One of us here at Alidad was lucky enough to visit the ‘Rubens and His Legacy’ exhibition at the Royal Academy this weekend.
We love the sumptuous colours and rich textures of Rubens’ work. His ability to suffuse a canvas with dazzling jewel-like colours and dramatic movement is awe-inspiring and secures his place as one of Europe’s most famous and influential artists.
The exhibition featured not only impressive large scale works of Rubens but wonderful paintings by Sir Thomas Lawrence and Eugene Delacroix – none of which would look out of place in an Alidad home!
Sir Thomas Lawrence, Portrait of Mrs Arthur Annesley, oil on canvas (Image: Bonhams.com)
Lion Hunt, 1858, Eugène Delacroix, oil on canvas (Image: Mfa.org)
Evening Landscape with Timber Wagon, Peter Paul Rubens, oil on canvas (Image: commons.wikimedia.org)
Watts & Co. are celebrating 140 years of their company’s colourful and beautiful designs. The “Pattern Watts’ Architects Wallpaper, 1870 – Today” exhibition offers a rare peak inside this fifth generation family-run firm.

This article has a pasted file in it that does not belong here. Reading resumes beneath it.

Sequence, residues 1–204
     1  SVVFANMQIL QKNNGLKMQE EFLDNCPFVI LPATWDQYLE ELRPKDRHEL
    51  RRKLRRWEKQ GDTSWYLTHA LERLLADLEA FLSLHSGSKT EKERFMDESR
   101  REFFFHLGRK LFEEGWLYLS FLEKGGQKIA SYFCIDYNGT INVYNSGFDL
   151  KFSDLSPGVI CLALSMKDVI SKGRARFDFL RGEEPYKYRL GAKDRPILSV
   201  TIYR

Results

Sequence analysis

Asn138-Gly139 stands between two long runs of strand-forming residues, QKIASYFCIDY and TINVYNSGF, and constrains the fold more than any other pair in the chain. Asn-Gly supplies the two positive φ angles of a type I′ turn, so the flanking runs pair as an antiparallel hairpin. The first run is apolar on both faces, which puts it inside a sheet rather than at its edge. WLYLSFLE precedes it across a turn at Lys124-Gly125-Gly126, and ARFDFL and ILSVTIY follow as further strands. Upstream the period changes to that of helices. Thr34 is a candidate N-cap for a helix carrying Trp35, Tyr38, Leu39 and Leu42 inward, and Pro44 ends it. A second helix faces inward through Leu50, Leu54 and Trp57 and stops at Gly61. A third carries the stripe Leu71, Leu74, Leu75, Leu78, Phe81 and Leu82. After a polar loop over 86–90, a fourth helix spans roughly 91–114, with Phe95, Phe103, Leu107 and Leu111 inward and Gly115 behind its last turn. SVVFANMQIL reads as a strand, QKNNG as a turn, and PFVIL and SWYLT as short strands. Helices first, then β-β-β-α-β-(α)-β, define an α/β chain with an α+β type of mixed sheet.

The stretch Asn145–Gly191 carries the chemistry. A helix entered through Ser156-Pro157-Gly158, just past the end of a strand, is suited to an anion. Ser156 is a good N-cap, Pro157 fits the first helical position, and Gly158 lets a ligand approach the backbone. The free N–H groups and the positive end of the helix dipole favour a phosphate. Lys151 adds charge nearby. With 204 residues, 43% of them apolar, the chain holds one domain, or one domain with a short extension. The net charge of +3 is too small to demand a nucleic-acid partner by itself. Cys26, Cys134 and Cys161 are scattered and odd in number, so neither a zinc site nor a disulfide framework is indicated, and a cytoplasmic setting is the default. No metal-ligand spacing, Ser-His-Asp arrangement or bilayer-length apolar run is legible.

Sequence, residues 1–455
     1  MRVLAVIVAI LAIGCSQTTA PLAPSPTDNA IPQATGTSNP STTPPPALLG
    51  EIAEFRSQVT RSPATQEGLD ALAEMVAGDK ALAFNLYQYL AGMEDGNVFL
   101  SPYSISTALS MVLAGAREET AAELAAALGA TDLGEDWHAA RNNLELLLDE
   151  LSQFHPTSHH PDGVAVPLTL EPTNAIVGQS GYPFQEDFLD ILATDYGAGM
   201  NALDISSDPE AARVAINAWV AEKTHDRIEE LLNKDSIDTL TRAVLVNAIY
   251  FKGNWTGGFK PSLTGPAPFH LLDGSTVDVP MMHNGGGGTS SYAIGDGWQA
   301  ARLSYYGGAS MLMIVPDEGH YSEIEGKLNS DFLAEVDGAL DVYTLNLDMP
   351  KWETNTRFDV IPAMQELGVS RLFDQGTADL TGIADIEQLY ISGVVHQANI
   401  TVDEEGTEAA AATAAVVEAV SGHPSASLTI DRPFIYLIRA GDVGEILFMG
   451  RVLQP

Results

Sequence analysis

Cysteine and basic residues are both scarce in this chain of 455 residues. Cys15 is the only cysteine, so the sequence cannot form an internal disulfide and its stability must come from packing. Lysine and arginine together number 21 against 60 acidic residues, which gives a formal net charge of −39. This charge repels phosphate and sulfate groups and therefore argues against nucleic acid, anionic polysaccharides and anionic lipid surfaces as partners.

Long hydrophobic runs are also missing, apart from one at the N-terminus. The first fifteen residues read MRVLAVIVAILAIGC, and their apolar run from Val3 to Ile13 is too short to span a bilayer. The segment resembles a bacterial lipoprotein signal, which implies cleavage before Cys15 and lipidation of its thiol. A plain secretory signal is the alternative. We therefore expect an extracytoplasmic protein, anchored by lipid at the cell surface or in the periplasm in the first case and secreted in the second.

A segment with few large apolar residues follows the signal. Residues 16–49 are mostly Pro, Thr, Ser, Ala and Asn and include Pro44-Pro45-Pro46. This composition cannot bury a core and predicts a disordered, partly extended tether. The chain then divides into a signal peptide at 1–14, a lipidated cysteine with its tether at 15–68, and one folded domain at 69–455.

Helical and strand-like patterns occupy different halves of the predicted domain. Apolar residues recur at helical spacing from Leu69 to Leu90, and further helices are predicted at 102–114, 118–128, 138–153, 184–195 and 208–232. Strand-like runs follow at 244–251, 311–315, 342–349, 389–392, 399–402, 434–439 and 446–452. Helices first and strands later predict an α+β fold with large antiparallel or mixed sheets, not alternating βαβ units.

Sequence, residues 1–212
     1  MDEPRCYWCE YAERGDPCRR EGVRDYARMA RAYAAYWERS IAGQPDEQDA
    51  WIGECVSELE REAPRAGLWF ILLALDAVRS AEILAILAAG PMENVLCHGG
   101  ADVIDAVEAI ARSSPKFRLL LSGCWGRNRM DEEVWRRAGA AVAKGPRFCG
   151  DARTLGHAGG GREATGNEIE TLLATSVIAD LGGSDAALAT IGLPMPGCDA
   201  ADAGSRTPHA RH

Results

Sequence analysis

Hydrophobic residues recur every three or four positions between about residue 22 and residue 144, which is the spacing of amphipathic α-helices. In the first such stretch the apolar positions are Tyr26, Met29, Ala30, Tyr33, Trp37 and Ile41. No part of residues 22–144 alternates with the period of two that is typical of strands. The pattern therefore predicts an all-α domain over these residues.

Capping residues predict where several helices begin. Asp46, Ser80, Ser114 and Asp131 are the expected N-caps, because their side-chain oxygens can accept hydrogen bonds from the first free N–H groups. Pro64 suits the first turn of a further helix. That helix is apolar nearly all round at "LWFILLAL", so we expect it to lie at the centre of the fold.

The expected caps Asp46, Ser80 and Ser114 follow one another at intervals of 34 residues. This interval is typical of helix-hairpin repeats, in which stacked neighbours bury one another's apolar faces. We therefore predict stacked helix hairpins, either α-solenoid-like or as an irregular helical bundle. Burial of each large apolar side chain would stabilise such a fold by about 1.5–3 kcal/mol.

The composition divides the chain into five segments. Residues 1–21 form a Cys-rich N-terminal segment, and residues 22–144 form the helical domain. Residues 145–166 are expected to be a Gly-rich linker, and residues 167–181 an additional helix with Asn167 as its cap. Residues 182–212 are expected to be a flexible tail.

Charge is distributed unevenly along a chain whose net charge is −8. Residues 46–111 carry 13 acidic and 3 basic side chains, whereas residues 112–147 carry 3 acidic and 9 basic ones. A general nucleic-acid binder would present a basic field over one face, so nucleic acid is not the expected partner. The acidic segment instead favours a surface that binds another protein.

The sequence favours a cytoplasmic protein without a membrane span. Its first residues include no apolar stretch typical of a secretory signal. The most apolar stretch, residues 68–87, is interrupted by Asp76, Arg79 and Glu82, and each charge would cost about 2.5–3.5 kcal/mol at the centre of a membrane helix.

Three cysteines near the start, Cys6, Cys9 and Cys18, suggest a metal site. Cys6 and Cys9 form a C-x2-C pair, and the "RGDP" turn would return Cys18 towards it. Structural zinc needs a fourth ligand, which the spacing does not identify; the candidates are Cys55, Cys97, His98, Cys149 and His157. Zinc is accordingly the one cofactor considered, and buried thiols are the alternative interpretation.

In the exhibition’s pamphlet a photograph of Alidad’s interior was used to demonstrate the truly beautiful velvets produced by Watts of Westminster.
One of our colleagues visited Tate Modern over the weekend and simply had to share this inspiring exhibition.
Matisse is recognized as a leading figure in modern art and this is a once-in-a-lifetime opportunity to see so many of this incredible artist’s works in one place, and to discover his final artistic triumph.
The exhibition is open until 7th September. Final all-nights weekend and late-nights have been added due to popular demand. We think it’s a must-see!
Eltham Palace, was once an important royal palace playing host to kings and queens and international statesmen. It is one of the few medieval royal palaces to survive with substantial remains intact and was one of the only six palaces large enough to accommodate and feed the entire Tudor court. Initially a moated manor house, it was acquired by the future Edward II in 1305. Under Edward IV significant changes were made, most notably the addition in the 1470′s of the great hall, which still stands today. Eltham Palace was eclipsed by Greenwich and Hampton Court palaces in the 16th century and declined in the early 17th century. For 200 years after the Civil Wars it was used as a farm
Eltham Palace’s architectural features seen here in Winter